SHANGHAI — China, grappling with a new wave of COVID-19 infections, took another step towards loosening its pandemic-related restrictions on Saturday when Hong Kong’s leader announced it would aim to re-open its borders with the mainland by mid-January.
Speaking at a news conference upon returning from Beijing, Hong Kong Chief executive John Lee said authorities would aim to “gradually, orderly, and fully” re-open all entry points between the two sides, and coordinate with the government of nearby Shenzhen to manage the flow of people.
At present, individuals hoping to enter the mainland through Hong Kong can only do so through the city’s airport or two checkpoints – Shenzhen Bay or the Hong Kong-Zhuhai-Macau bridge.
Entrants into the mainland must also undergo a period of hotel quarantine before they can move about freely.
Hong Kong and Beijing shut their borders in early 2020 as COVID first surfaced and they have remained closed since then, as China has capped inbound travelers as part of its strict “zero-COVID” policy.
Beijing loosened China’s domestic zero-COVID restrictions earlier this month, dropping mandatory testing requirements and travel restrictions.
While many have welcomed the easing, families and the health system were unprepared for the resulting surge of infections. Hospitals are scrambling for beds and blood, pharmacies for drugs and authorities are racing to build clinics.
In advance of Christmas, Shanghai authorities urged residents to stay at home this weekend to curb the virus’s spread. The holiday is not traditionally celebrated in China, but it is common for young couples and some families to spend the holiday together.
Despite those warnings, an annual Christmas market held at the Bund, a commercial area, was packed with attendees.
“My friends are basically all positive, and all have basically recovered,” said Liu Yang, 23, an IT worker attending the market.
“We wanted to take advantage of Christmas, and it’s the weekend, we wanted to walk around and enjoy the air, so we came here.”
Still, the spread of Omicron is dampening festivities for other retailers and eateries.
Many Shanghai restaurants have canceled Christmas parties normally held for regulars, while hotels have capped reservations due to staff shortages, said Jacqueline Mocatta, who works in the hospitality industry.
“There’s only a certain amount of customers we can accept given our manpower, with a majority of team members who are unwell at the moment,” she said.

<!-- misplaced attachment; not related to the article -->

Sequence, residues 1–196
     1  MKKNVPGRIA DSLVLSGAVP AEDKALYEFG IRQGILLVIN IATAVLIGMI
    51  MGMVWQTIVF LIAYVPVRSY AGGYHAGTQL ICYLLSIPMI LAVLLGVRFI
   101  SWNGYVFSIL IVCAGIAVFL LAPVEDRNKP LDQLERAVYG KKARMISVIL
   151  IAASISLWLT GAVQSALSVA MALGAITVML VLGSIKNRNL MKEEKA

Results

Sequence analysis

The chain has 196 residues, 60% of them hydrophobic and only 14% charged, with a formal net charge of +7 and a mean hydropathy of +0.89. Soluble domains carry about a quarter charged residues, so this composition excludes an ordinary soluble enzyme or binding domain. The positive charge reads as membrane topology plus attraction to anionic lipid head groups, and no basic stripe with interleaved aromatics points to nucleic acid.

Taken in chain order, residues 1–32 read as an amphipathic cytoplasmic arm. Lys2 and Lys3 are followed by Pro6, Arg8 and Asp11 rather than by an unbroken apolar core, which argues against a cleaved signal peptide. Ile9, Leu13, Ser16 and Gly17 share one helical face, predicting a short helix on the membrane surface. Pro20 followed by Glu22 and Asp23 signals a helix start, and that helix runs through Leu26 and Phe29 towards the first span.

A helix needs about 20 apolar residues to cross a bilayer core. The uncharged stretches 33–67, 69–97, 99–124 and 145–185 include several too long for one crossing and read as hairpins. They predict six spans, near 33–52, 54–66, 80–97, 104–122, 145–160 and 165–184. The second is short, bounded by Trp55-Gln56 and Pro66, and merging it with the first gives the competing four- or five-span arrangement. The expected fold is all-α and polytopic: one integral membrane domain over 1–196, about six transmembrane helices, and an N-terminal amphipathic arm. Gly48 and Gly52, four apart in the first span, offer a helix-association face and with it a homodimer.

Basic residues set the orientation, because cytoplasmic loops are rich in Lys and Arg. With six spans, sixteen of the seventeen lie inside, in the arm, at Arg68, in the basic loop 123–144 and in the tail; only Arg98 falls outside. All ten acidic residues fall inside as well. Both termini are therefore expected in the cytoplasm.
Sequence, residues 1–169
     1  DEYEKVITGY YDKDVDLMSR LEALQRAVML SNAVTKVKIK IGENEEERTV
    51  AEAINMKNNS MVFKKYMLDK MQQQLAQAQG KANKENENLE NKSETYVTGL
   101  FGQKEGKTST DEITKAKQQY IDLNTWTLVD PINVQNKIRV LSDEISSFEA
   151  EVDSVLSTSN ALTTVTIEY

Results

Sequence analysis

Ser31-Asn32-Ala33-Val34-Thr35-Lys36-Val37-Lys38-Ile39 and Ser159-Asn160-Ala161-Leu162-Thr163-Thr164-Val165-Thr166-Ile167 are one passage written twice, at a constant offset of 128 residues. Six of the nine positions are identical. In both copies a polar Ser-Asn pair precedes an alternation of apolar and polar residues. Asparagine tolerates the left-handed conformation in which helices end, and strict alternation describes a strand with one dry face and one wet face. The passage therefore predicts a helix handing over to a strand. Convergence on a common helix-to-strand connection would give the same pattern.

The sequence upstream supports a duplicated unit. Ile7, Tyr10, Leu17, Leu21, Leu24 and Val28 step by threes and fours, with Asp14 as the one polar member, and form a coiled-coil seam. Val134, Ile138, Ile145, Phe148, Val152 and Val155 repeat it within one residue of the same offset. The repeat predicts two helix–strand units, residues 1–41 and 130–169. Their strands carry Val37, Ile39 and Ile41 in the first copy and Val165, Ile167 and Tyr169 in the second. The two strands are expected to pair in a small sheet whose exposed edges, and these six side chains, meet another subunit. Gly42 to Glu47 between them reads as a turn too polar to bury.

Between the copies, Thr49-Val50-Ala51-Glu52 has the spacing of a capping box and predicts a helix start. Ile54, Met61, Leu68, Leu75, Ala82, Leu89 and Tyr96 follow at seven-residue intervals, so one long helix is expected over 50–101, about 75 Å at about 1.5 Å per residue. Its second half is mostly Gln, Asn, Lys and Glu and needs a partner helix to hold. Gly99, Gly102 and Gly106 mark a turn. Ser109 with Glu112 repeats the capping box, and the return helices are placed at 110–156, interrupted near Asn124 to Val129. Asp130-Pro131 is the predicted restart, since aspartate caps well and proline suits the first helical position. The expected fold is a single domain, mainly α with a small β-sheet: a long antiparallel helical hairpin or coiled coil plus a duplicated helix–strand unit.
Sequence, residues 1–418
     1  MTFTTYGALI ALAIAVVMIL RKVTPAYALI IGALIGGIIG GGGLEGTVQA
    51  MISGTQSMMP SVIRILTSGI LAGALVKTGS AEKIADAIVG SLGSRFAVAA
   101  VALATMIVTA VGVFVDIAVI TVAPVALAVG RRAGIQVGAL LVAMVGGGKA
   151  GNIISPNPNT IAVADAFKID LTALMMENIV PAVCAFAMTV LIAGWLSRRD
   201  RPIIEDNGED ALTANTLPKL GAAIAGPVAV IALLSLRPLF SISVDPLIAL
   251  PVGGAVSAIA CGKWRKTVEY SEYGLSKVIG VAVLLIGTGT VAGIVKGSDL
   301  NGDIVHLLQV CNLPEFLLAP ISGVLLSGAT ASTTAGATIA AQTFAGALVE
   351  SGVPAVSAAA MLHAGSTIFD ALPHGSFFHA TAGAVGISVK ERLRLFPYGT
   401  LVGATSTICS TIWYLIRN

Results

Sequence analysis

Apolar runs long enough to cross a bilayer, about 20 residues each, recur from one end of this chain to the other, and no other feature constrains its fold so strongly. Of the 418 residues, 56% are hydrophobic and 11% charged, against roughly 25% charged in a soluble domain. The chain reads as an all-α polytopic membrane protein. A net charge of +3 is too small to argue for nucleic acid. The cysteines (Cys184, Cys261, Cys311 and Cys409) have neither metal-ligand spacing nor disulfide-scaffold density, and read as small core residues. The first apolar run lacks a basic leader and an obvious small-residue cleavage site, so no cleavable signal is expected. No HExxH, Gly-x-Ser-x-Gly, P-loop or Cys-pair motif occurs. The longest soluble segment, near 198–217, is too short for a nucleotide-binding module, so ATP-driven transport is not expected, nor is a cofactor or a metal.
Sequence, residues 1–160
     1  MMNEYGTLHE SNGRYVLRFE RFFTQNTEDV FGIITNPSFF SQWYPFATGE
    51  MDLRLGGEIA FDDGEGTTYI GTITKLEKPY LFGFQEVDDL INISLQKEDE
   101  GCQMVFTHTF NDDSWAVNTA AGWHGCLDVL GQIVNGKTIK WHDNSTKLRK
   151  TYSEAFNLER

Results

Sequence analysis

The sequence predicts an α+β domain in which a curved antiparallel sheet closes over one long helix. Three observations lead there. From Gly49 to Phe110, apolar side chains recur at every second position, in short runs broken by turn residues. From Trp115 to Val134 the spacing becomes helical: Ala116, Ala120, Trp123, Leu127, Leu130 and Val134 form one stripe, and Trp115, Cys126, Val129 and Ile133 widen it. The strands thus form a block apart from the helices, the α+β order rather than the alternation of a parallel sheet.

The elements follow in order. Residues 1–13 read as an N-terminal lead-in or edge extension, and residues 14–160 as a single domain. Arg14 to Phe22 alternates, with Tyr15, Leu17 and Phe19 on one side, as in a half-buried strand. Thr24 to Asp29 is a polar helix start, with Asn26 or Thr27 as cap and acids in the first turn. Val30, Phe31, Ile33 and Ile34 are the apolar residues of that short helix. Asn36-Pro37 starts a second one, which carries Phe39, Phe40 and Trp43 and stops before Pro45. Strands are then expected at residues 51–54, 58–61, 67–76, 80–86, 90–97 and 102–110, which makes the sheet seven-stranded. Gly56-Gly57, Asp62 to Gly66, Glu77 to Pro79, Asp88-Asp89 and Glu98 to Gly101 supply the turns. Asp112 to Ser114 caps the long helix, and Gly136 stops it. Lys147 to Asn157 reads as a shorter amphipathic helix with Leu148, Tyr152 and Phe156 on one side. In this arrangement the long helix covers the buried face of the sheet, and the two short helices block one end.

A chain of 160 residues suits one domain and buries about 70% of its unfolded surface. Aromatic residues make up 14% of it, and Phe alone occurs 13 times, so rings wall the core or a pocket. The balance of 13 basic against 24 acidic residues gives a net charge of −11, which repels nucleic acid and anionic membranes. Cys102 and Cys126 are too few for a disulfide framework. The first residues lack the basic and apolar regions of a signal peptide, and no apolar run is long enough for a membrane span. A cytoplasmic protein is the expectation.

SCEPTICISM ABOUT OFFICIAL DATA
Infections in China are likely more than a million a day with deaths at more than 5,000 a day, British-based health data firm Airfinity said this week, describing the estimates as a “stark contrast” to official data.
China’s national health authority on Saturday reported 4,128 daily symptomatic COVID-19 infections, and no deaths for a fourth consecutive day.
Bloomberg News reported on Friday that nearly 37 million people may have been infected with COVID on a single day this past week, citing estimates from the government’s top health authority. Authorities did not comment on the report.
The emergency hotline in Taiyuan in the northern province of Shanxi was receiving over 4,000 calls a day, a local media outlet said on Saturday.
Taiyuan authorities urged residents to call the number only for medical emergencies, saying guidance about COVID “does not fall within the scope of the hotline.”
A health official in Qingdao said the port city was seeing roughly 500,000 daily infections, media reported on Friday. In the southern city of Dongguan, a major manufacturing hub, daily infections are reaching 250,000-300,000, local authorities told domestic media.
The surge has strained the medical sector, in particular blood repositories, as a lack of donors has caused reserves to dwindle.
On Saturday, China’s National Health Commission said in a statement that individuals who suffered mild or ordinary COVID-19 symptoms can safely donate blood a few days after their symptoms subside.
In Wuhan, the central city where COVID emerged three years ago, media reported on Friday that the local blood repository had just 4,000 units, enough to last two days. The repository called on people to “roll up their sleeves and donate blood.” (Reporting by Josh Horwitz and Jing Bian in Shanghai; additional reporting by Xihao Jiang in Shanghai; Editing by William Mallard and Philippa Fletcher)